The trek takes about an hour, but sitting at the base and admiring the waterfalls from below and enjoying the cooling mist is satisfying.

Travel agents organise both private and group excursions daily. The area is not accessible by public transport, but the local guest houses in Tanaghmeilt can arrange private transport for travellers wishing to extend their visit beyond one day.


AmeIn Valley day hikes

Mandy Sinclair
By Mandy Sinclair
  • Difficulty: Easy to moderate
  • Trek duration: Day hikes or multi-day treks
  • Start / end point: Tafraoute

The Berber heartland of Tafraoute, surrounded by the majestic rocky Anti-Atlas Mountains, provides a starting point for multi-day treks or day hikes through the beautiful AmeIn Valley.

You don’t have to wander far from Tafraoute’s town centre to spot millennia-old rock carvings of animals that remain throughout the region. Longer day hikes through the argan trees, which only grow in southwestern Morocco, and almond trees dot the landscape as trekkers wander between the more than 20 villages that make up the valley.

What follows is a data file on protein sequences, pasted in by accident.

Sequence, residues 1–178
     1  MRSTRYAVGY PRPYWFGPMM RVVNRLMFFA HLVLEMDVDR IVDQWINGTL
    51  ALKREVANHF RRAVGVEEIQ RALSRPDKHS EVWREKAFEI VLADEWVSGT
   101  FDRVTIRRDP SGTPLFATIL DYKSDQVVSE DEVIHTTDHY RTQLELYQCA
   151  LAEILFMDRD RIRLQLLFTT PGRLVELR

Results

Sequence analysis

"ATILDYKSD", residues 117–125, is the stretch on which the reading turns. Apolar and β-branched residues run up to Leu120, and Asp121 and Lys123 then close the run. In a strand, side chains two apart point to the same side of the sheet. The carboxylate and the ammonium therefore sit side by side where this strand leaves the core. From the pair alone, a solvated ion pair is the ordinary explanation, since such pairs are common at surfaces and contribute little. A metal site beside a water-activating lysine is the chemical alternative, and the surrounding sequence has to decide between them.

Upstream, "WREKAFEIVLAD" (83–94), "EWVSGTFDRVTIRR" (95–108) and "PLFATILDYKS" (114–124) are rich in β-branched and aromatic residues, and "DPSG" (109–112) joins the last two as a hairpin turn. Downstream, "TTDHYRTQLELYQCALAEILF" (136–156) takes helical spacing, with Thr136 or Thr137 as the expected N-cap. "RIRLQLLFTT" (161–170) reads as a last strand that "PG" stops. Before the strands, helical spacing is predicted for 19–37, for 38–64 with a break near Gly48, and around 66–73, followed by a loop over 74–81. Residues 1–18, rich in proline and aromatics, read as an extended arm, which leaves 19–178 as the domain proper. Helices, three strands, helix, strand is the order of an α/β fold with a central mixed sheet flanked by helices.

More experienced trekkers may opt for a multi-day trek that includes summiting Jebel Kest, the region’s highest peak, before returning to Tafraoute. Don’t miss the light over the rockscape as the sun sets and the range radiates magical hues of red.

The craggy rock and huge boulders around Tafraoute make the region very popular with rock climbers, who descend on the region between September and April. Combine some climbing with hiking in Morocco.

Todra Gorge

Todgha Gorge day hikes

Mandy Sinclair
By Mandy Sinclair

Located in the eastern part of the Atlas Mountains and carved between the Todra and Dadès rivers, Todgha Gorge is a 300m deep fault that offers several excellent hiking routes.

Guides in Todgha Gorge are familiar with a day hike that leads to a nomadic family’s settlement, far from the village of Tinghir, which is often overrun with tour buses.

Leave the mudbrick village and lush farmland behind, wander through the limestone gorge and river that runs alongside, and begin the ascent to the rocky mountains that wind their way up along unexpected trails.

Views from the top provide stunning vistas of the surrounding landscape. With only minimal scrub bush, start the hike early to avoid the heat of the midday sun. A guide is a must as are sturdy hiking boots and plenty of water.

Dadès Valley

Dadès Valley day hikes

Mandy Sinclair